2. GBA Editor
    Martin Holladay | | #2

    The answer to your question depends on your own comfort range. If you install a stand-alone dehumidifier in your condo, it will raise the indoor temperature as it lowers the indoor humidity. Some people might conclude that, on balance, the hot dry air felt good. Others might say, "This doesn't help. Our condo is hotter than ever."

    If you are worried about comfort, an air conditioner is a safer choice. An air conditioner will lower the indoor temperature as well as lower the indoor humidity.

  3. Expert Member
    Dana Dorsett | | #3

    But opening up the windows at night for sensible cooling just adds a big latent load for the dehumidifier to work on- it's not really a very effective or efficient approach most of the time.

    A DIY-installed name-brand cooling-only 3/4 ton mini-split costs about the same as a bare-bones whole house dehumidifier, and will almost certainly handle both the humidity and sensible load more efficiently by not taking on a big slug of moisture every night, and dumping the (now smaller) latent-heat outside rather than heating up the condo with it. Installing a mini-split isn't rocket-science, but you'll probably want to read up on in first, and you may want to pay a tech to adjust the refrigerant charge if it doesn't seem to be working well.

  4. swtjr | | #4

    Many thanks to you both for your answers.

    It sounds like the dehumidifier is not a good fit, and neither is night-time ventilation if we have any sort of conditioning system.

    I dug through our utility rates and determined that the operating cost of a heat pump and a furnace/AC would be about the same. The ductless system sounds good, but wouldn't I need supplemental ventilation to condition closed-off bedrooms? (edit: I see that there's another Q&A topic on this.)

    Our ducts are in the basement with relatively short runs, and I have mastic and duct insulation already purchased; would a ducted system like this one make sense?

    I ran an aggressive load calculation and got 15.5K/27.5K BTUH cooling/heating. (The HVAC contractor said 20.4K/50K BTUH and wants to install 2 tons and 60K.) I also did the average therm/HDD times design day calculation with my mid-winter gas bill and got 30K BTUH. Since then, we have had cellulose insulation blown in, and I'm replacing a grossly oversized (meaning more inefficient?) 120k BTUH furnace.

    The reason I'm balking at the AC is a different environmental issue: the compressor runs at 78 dB, which would annoy the neighbors, who are only 30 feet away. Daikin outside units are about 25 dB quieter. Having a heat pump would also allow for the possibility of using solar (2 kW) for heating in the future. The furnace/AC install would be $8k. I contacted some Daikin dealers for estimates and to see whether they install this particular system. I'll also look into a DIY two-zone ductless install. Thanks again for your help.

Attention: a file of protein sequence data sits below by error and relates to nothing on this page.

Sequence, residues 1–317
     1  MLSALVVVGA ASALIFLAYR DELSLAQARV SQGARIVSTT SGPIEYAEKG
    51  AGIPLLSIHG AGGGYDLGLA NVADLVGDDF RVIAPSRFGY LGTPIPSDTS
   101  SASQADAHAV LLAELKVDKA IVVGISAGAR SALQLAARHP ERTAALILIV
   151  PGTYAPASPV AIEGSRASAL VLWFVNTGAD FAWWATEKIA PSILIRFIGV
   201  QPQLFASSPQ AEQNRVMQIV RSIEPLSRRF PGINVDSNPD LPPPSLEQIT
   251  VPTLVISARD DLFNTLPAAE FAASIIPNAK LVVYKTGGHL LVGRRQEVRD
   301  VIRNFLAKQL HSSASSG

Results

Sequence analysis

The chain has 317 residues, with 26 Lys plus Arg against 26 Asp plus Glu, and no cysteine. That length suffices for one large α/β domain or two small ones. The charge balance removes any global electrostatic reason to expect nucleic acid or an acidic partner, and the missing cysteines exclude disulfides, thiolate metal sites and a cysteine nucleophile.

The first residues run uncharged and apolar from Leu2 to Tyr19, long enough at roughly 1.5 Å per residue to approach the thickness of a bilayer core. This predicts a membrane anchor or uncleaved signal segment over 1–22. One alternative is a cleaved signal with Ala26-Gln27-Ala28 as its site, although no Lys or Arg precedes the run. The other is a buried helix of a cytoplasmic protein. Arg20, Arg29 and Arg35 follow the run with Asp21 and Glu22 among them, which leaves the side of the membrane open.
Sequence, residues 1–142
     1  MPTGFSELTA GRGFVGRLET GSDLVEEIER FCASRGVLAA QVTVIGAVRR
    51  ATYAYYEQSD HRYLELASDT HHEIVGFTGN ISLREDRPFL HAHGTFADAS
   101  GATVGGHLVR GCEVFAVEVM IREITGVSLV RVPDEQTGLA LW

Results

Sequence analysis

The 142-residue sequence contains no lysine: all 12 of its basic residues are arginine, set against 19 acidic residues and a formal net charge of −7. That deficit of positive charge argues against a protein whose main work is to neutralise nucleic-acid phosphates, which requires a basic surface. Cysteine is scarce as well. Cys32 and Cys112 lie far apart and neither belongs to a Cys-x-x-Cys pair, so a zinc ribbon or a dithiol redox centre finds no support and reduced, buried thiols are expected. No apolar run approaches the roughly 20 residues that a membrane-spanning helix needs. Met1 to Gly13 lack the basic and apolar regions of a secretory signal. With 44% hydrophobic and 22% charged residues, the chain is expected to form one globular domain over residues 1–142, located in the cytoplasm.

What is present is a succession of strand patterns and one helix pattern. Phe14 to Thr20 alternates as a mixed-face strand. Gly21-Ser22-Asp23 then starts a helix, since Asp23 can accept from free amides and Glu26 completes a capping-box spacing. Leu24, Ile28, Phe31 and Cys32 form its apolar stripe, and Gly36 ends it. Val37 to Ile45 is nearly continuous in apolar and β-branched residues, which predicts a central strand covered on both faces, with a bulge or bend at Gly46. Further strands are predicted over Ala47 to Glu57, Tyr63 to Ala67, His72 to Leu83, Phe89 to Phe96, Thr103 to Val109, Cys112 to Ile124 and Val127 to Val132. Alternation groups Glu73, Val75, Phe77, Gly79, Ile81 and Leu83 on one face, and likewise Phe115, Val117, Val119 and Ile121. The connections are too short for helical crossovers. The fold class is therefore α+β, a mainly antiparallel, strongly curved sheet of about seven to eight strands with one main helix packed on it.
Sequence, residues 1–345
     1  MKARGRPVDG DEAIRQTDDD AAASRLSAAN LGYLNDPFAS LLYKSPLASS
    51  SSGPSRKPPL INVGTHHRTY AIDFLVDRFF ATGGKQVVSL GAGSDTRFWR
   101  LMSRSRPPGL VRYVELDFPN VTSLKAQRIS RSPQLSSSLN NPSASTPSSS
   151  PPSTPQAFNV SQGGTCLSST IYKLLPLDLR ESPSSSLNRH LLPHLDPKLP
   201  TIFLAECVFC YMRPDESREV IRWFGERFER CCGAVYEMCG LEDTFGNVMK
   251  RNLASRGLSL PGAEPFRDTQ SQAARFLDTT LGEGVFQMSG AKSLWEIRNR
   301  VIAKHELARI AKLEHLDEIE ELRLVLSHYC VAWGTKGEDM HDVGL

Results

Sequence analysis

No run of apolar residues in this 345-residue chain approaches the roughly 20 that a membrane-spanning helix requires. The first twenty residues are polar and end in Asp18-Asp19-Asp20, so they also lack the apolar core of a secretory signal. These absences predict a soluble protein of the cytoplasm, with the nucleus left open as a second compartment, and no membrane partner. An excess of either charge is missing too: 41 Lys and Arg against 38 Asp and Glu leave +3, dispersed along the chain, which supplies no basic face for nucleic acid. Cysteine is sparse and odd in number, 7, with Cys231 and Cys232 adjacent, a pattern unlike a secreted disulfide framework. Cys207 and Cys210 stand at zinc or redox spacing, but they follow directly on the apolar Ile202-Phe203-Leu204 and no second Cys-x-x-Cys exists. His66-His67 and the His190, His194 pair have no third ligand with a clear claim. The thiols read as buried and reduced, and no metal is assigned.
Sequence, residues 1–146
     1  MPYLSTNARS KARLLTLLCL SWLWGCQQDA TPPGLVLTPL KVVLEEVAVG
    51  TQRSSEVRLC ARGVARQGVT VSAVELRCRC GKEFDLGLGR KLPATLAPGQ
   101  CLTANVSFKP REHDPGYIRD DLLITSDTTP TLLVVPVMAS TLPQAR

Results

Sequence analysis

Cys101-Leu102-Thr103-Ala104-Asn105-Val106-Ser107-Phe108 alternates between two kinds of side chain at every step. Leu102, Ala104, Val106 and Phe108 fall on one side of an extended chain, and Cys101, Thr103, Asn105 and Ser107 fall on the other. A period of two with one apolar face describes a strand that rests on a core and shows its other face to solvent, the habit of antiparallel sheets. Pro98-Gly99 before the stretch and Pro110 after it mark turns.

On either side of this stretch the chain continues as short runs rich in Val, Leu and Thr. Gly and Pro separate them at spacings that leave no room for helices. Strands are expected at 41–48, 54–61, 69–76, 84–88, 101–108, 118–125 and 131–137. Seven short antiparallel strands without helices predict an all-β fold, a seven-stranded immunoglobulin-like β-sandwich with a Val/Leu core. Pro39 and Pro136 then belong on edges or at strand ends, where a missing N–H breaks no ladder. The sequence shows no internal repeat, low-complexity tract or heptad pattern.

5. Expert Member
    Dana Dorsett | | #5

    The 30K number on the "before" picture of heating is probably accurate, and includes duct losses and a lower efficiency than the actual name-plate efficiency. (If you didn't adjust for burner efficiency you're probably at least 20% too high.

    The efficiency losses of oversizing on low-mass hot-air furnaces are nothing like what they are for oversized high-mass boilers, so don't de-rate it a whole bunch on your fuel use calc.

    I'd definitely look at Mitsubishi & Fujitsu too, both of which have decent 1.5 -2 ton dual-head or single head ductless systems, and have wider support networks. They all have dehumidfy modes and DO remove moisture in normal cooling modes as well. You can set a pretty high cooling setpoint and it'll still do a decent amount of dehumidifying, but you may need to switch to "dehumidify" mode when outdoor dew points are in the 70s if your cooling setpoint is 80F or above.

    A standard method of getting SOME amount of temperature balancing with ductless systems is to use an active ventilation system, preferably an ERV, configured with the ventilation air supply is in the same space as the ductless head(s), and all other rooms have only ventilation exhaust, with door cuts/grilles or jumper-ducts etc to supply the return path. An ERV system for a condo might run $2500 or so, and would likely use 3" ducts.

    All inverter-drive mini-split compressor units are whisper quiet, barely audible even standing next to them except when running at highest fan speed. The interior heads are usually much quieter than metal-ducted air-handler driven solutions- quieter than a typical refrigerator at low-speed (where they will be running MOST of the time.) Comfort factor is also quite high- for highest efficiency you "set and forget" and let it modulate, since they run with phenomenal efficiency at part load, but not-so-phenomenal efficiency at high speed, which is where they would be running on a recovery ramp if you're setting back overnight in heating mode.

    A 2- head 2- ton ductless solution would probably handle the whole thing for under the $8K quoted for the gas-fired ducted + AC solution. If the floor plan is open enough to be able to get by with a single-head it'll be under $6K.